I am going to put this next part in bold as I think it's something that's actually helpful.
An important discovery we made was that the narration was clearer when Adam paused between the sentences, rather than reading it all together like a poem. This was because when he was pausing, his voice remained strong until the final syllable of the sentence. However, when he was carrying on to the next part, his voice often faded away. Most people do this, and I remember teachers in primary school trying to get us to speak clearly and pronounce the last syllable of each sentence, but the reality is that most people will get quieter.
If you're recording narration, get them to pause. It's amazing. (And shitloads easier to edit!)
I'm also glad we used Adam because his voice really brought it all to life, and just listening to him made me filled with excitement and motivation to finish our film (as if the impending deadline wasn't enough-!).
So yes. Peace out until the next update.
I keep believing that I have no time for blogging when in actuality I probably do, but I'm just shying away from the really long ones (and then keep saving them as drafts, etc, to finish later, which looks good to nobody.)
Anyway, here's an update of how we are going with editing:
We will be recording narration tomorrow, which I'm still kind of worried about (I guess I will contact Paul).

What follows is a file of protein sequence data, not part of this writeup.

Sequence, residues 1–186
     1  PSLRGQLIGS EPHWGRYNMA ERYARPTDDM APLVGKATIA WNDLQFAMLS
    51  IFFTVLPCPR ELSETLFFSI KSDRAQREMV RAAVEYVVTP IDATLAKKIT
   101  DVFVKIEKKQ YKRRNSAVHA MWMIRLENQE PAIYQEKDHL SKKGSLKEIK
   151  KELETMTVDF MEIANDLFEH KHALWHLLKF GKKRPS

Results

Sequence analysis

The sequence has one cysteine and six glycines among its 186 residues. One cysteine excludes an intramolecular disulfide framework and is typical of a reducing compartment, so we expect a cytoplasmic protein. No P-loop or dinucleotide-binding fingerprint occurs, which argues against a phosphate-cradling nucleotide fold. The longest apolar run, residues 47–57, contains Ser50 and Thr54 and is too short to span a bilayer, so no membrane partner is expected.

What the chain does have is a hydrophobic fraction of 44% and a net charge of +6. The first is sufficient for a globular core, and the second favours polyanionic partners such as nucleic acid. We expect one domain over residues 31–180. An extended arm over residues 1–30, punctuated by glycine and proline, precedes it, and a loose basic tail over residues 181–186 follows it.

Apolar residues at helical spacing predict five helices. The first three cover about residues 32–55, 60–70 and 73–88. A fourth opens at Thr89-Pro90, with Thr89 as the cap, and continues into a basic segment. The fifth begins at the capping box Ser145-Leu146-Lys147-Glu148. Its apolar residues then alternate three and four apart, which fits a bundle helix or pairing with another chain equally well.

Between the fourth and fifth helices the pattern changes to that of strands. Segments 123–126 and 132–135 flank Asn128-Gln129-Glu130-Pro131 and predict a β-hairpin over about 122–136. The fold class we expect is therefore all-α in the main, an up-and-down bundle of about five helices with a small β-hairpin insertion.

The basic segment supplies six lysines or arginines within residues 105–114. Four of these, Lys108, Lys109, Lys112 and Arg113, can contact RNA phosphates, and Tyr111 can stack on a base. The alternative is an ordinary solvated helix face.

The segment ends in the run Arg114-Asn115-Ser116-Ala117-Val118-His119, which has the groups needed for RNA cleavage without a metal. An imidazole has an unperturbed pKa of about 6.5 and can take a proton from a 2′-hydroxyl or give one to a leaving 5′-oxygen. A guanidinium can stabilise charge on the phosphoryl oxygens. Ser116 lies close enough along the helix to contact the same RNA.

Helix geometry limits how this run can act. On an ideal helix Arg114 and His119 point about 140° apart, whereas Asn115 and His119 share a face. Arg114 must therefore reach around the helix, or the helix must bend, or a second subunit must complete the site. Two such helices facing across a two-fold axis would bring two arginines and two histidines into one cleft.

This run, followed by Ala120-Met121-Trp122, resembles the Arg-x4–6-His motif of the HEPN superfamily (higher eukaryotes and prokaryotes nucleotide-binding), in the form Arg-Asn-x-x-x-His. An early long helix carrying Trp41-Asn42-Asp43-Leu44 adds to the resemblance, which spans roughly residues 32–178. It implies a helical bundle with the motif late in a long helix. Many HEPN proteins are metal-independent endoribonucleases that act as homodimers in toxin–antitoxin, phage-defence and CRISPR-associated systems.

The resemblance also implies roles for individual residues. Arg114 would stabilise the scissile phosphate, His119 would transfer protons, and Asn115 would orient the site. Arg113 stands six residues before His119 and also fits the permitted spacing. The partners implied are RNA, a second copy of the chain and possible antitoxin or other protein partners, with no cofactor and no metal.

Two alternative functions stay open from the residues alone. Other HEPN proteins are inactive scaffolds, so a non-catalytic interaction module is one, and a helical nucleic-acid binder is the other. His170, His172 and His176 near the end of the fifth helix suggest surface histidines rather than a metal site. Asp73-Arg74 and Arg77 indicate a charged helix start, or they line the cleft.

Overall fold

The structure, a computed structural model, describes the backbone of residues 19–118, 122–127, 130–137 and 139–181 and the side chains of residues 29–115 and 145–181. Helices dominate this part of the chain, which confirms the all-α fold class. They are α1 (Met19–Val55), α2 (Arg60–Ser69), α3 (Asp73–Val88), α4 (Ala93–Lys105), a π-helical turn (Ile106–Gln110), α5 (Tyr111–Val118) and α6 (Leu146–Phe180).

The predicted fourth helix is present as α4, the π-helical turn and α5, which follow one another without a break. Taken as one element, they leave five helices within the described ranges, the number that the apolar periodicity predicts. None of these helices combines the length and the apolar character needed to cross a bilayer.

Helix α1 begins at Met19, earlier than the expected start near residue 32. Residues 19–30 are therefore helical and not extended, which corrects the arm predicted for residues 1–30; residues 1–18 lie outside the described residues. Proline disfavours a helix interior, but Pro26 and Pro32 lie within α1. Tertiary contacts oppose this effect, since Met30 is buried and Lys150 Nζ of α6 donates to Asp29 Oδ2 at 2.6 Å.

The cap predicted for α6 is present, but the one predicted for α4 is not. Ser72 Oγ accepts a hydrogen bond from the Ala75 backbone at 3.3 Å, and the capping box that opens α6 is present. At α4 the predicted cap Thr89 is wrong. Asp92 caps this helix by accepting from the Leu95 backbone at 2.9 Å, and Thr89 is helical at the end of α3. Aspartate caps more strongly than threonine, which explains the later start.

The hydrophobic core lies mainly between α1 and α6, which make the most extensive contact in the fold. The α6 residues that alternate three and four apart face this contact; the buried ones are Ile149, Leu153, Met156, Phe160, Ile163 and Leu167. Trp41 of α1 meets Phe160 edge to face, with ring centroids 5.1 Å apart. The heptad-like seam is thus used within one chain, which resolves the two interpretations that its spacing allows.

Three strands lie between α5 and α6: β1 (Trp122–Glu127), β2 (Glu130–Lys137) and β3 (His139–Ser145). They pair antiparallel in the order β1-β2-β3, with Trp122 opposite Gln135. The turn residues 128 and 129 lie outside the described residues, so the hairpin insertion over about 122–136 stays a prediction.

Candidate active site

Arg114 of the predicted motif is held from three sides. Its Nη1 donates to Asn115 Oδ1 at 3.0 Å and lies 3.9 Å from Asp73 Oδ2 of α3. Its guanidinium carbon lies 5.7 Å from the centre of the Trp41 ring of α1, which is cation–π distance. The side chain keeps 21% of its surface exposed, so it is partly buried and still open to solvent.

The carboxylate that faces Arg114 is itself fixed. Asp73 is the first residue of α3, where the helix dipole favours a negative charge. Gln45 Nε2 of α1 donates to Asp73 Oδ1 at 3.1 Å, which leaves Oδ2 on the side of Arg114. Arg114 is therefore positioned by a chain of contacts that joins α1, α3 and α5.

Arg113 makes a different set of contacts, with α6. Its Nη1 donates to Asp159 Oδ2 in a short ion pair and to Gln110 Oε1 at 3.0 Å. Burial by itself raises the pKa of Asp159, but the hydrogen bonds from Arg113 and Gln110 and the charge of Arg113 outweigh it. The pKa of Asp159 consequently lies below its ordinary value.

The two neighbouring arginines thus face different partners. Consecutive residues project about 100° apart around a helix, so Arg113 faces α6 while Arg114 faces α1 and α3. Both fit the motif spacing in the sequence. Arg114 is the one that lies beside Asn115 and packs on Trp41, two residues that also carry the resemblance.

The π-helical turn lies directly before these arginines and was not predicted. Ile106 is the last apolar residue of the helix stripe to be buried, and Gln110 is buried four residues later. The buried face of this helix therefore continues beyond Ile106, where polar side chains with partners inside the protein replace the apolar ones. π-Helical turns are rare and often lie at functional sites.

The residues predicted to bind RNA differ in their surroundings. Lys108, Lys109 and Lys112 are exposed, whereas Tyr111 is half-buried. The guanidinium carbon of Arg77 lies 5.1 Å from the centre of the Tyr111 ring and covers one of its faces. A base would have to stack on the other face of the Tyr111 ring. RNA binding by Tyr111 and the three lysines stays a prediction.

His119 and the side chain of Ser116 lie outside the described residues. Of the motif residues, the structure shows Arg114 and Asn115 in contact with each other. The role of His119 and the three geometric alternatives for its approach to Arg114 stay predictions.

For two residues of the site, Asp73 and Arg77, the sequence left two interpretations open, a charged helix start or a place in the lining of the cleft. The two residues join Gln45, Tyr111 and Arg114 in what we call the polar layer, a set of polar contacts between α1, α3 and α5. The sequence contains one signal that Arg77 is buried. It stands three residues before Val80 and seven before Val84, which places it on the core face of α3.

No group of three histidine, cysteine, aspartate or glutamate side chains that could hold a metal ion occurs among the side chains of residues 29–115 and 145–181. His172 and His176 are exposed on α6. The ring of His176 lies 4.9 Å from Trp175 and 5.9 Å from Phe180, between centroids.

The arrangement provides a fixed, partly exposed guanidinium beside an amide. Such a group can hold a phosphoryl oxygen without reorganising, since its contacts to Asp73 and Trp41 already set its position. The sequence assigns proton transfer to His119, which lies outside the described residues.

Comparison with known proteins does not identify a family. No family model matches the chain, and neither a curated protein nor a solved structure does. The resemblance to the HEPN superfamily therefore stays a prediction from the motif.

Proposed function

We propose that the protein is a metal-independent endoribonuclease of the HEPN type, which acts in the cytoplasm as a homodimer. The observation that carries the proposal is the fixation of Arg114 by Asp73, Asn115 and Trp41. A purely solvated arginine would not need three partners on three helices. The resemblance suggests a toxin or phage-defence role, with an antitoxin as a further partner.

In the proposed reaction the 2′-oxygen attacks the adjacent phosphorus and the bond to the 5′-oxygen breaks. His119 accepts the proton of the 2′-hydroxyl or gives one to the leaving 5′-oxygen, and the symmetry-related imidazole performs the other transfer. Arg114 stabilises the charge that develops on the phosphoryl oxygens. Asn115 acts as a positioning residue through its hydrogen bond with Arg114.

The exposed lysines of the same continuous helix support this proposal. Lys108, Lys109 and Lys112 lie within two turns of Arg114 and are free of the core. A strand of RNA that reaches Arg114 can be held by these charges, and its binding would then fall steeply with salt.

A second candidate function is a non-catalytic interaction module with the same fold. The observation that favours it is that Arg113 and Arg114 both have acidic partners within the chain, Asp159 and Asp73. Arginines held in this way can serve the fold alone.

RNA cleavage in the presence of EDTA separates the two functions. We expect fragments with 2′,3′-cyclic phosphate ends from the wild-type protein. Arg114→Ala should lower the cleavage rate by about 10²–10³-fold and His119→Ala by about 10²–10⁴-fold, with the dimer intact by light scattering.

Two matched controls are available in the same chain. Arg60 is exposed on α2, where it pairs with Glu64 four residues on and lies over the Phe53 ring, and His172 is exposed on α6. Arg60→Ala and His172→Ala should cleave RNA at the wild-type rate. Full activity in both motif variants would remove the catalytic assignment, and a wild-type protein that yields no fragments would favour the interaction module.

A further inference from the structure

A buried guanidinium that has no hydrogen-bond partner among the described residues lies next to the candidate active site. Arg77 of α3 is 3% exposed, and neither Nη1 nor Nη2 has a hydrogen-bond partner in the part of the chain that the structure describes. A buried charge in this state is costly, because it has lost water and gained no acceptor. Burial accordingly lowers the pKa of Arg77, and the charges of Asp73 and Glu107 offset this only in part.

Also, Steph and I were messing around with a few scenes yesterday and we got something which we felt was really good. She just told me that after speaking to Alex, though, he's decided that he'll just scrap it if he doesn't like it.
I mean, okay, he is the director, but he's also stated that he's been working on other projects he's been 'behind' on and the deadline is approaching. So I'm feeling sort of pointless because is there any point of me trying to do anything if it'll just be scrapped if it's not what he wants? And in that case, why doesn't he just do it all?
I guess this is how editors must feel all the time, though. A possible impediment to the director's majestic creative vision.
Still, we need to submit something...
1. Colour coordinating your script (when turning scenes into a shot list) is ALWAYS a good idea.
2. Getting Alex to listen to you is easier if you're Ruth Richards that if you're Cassandra Wright.
3. Having an organised first AD is something that you should NEVER, NEVER, EVER take for granted.
4. Ruth is amazing.
These are my complete feelings and sentiments after our day's filming of Office Grinch. I have been blown away by her efficiency and awesomeness.
The edit: the finished product:
made in pre-production (sound pre-production, storyboards, how you dealt with coverage)
documented in shoot by continuity and log sheets
and only finished in post production.
One may not attack their editing methodically enough: